Phil Generally speaking the wider the blade, the more stable the cut. I have a smaller bandsaw for tight curves, but I still want my big saw to be able to cut at least a larger curve where the bigger table capacity can still be used to advantage. I therefore, surely like many others compromise when selecting a resaw blade. I chose a 5/8” blade for my new saw and this is working very well. I’m doing a little blog just to share my first big resaw experience and you can see the results there.

Jim So true, I wasn’t really worried about it, but I wanted an idea of what to shoot for. You know, shoot for the moon and hit the fence post rather than shooting for the fence post and hitting the ground.

-- Mike, an American living in Norway.

View patron's profile


13600 posts in 3305 days

#9 posted 10-30-2010 07:20 PM

good idea mike
about the card

have to say

‘send more money ,
i’m broke again ‘

then will travel !

-- david - only thru kindness can this world be whole . If we don't succeed we run the risk of failure. Dan Quayle

View Roz's profile


1699 posts in 3750 days

#10 posted 11-07-2010 06:25 PM

I just scanned an article in a Woodworker Mag while sitting in the Doctor’s office that suggested for resawing make an end cut on the table saw first at both ends. I think this helps reduce the blades movement side to side while performing the resawing operation. This helps when resawing on smaller saws like mine.

Sounds like you have it dialed in to me Stefang.

-- Terry Roswell, L.A. (Lower Alabama) "Life is what happens to you when you are making other plans."

View DonH's profile


495 posts in 2781 days

#11 posted 11-07-2010 06:37 PM

I have used a variety of blades for resawing and find the Woodslicer from Highland and the Laguna Resaw Master the best. The Laguna blade leaves a surface ready to glue with no noticeable variation in thickness but it is expensive. Both cut wood like it was butter.

-- DonH Orleans Ontario

View NBeener's profile


4816 posts in 3138 days

#12 posted 11-07-2010 06:51 PM

Roz wrote:

”I just scanned an article in a Woodworker Mag while sitting in the Doctor’s office”

I think I like your doctor !

I’m no expert on resawing, but … I try to remember that the band saw is only the FIRST stop for the resawn wood.

It’s either going to the planer or my drum sander (or hand tools), afterward.

Close enough seems close enough. It’s a pretty individual choice whether or not you want to chase thousandths, but … I have the feeling that … if your saw is well set up, and your technique is good … those last few thou are going to be awfully hard to get :-)

Sounds like you’re having fun with hit, Mike :-)

-- -- Neil

View Bearpie's profile


2601 posts in 2982 days

#13 posted 11-07-2010 11:30 PM

Mike, one thing you might want to do when your son cuts the Sycamore down is to peel the bark off after it is down. That is where all the bugs and grubs get their start and then bore into the wood. Another thing is to keep it off the ground as other kinds of bugs get to the wood that way. Good luck!

Erwin, Jacksonville, FL

-- Erwin, Jacksonville, FL

View Gofor's profile


470 posts in 3751 days

#14 posted 11-08-2010 01:02 AM

Woodgu (Phil):

Rule of thumb is that you want 3 teeth in the board at all times. This becomes moot pretty quick for resawing as 3tpi is about as low as you can practically go. For dedicated resawing boards over 2” wide, you want about 3 tpi and as wide a blade as your safe will tension well. My little 14” , although rated for a 3/4” blade, will only really tension a 1/2” well, so I use a 1/2” x 3 or 4 tpi blade. I can resaw up to 12” hardwood with it, but my cuts seldom end up within the tolerance that stefang stated. I also found that reducing the blade speed a notch helped keep the blade from getting too hot. An output table extension to support the resawn board is a real plus for boards longer than twice your table width. For the in feed side, a roller stand works well for me, but I seldom cut anything over 6’ long.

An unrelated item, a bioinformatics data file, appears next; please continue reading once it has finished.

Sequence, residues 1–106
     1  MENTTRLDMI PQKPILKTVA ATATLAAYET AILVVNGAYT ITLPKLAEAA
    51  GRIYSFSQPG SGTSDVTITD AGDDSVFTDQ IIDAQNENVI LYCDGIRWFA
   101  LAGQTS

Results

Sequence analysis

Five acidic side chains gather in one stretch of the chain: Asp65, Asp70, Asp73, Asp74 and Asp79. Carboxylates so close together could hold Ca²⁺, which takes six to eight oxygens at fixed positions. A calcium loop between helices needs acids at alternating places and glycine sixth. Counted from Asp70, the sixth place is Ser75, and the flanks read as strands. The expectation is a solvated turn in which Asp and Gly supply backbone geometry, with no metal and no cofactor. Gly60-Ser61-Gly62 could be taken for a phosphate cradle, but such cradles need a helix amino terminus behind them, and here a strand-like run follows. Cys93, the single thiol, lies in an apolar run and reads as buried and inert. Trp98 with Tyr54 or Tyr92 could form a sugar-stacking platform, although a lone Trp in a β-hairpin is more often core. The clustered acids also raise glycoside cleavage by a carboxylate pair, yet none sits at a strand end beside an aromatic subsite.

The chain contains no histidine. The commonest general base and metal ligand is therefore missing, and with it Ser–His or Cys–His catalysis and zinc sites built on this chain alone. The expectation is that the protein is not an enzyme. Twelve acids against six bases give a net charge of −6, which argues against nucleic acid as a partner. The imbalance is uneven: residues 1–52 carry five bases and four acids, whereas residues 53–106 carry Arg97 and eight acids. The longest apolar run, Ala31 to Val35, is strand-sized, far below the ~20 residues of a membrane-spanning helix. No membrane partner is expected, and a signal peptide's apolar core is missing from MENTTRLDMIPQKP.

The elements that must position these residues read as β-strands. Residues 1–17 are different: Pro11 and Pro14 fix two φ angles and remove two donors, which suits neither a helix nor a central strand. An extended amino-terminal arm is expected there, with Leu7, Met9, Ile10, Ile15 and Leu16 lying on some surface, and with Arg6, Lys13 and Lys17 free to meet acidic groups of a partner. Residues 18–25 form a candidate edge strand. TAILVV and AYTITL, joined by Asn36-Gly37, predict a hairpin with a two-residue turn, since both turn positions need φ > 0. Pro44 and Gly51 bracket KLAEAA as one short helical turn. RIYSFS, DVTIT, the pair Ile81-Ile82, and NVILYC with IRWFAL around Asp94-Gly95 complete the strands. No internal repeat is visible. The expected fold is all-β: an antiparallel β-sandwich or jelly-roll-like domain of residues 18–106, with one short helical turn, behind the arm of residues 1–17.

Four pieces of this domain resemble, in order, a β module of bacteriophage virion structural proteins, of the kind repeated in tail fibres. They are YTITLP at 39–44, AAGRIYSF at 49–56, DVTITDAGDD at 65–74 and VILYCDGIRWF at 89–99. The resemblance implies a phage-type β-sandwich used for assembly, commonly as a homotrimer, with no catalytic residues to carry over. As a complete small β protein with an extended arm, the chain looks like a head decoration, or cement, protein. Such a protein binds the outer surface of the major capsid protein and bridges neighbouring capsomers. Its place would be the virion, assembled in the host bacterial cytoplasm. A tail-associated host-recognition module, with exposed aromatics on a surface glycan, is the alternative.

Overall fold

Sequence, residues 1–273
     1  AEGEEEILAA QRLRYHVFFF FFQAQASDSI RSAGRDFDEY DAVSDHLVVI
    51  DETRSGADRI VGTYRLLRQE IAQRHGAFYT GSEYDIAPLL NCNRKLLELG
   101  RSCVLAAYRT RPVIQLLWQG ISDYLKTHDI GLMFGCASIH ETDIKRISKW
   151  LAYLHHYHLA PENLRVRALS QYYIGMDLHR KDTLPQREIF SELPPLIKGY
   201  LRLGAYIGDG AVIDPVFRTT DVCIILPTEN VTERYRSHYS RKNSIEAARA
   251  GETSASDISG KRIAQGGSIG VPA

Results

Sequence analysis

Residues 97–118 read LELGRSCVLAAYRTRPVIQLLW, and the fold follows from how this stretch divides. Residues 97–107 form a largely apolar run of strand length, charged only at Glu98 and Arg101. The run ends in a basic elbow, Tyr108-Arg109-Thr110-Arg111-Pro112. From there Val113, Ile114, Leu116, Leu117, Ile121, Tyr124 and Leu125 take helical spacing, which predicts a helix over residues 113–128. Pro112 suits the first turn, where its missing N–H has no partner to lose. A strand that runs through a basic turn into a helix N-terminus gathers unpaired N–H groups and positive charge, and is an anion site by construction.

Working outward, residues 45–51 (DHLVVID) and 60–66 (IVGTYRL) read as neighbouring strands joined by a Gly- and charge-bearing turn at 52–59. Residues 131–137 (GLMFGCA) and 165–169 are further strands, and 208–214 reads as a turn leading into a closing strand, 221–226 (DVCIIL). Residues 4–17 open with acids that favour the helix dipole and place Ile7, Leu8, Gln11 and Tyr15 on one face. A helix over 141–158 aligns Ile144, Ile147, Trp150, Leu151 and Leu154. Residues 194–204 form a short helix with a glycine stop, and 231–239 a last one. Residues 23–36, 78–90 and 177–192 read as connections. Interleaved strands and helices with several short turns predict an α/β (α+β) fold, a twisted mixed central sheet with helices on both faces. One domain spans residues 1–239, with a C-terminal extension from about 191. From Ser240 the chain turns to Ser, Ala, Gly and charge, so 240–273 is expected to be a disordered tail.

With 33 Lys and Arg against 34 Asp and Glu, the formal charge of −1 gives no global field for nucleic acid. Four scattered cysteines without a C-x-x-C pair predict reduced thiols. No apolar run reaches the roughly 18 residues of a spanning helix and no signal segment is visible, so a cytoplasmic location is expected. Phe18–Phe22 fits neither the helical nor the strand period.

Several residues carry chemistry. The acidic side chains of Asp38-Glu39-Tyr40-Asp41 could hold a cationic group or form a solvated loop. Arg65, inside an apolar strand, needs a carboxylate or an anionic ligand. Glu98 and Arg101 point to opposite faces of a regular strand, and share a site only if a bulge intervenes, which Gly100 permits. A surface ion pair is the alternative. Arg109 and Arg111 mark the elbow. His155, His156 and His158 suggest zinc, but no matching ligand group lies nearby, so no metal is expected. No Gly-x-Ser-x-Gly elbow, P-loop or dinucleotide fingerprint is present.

Although a low tooth count may sound like it will leave a rough cut, the biggest problem in resawing boards 6” and over is the generation of sawdust in the cut. To remove it you want deep gullets between the teeth to clear it out well. Also, if you have a zero-clearance insert, you may want to enlarge the slot in front of the blade some to help get the sawdust out of the way. Otherwise it can build up under the board as you go. (Did I mention that resawing can generate a LOT of sawdust?)

You may want to try a 1” x 3 tpi blade to start with. I have read numerous posts from people with larger saws that do a lot of resawing that the carbide tipped blades, even though initially expensive, produce a nicer cut as well as last many times longer, making them the best economically in the long run. Hopefully, ones who have them will chime in yea or nay on them.

Summary: Wide blade and low tooth count.


-- Go

View DonH's profile


495 posts in 2781 days

#15 posted 11-08-2010 01:10 AM

Well – I have both a non carbide blade (woodslicer) and a carbide tipped blade (Laguna) both are excellent but the Laguna is truly best at resaw. The woodslicer is next best ane one tenth the cost – almost.

The Laguna carbide tipped blade can be resharpened a numer of times but not the woodslicer. I recommend the woodslicer as a first try and if you do a lot or resawing then you should consider the Laguna.

I use the woodslicer as a day to day blade including occasional resaw. If doing serious resaw, I use the Laguna.

Both give a glue ready cut and are very close to a quality table saw cut.

-- DonH Orleans Ontario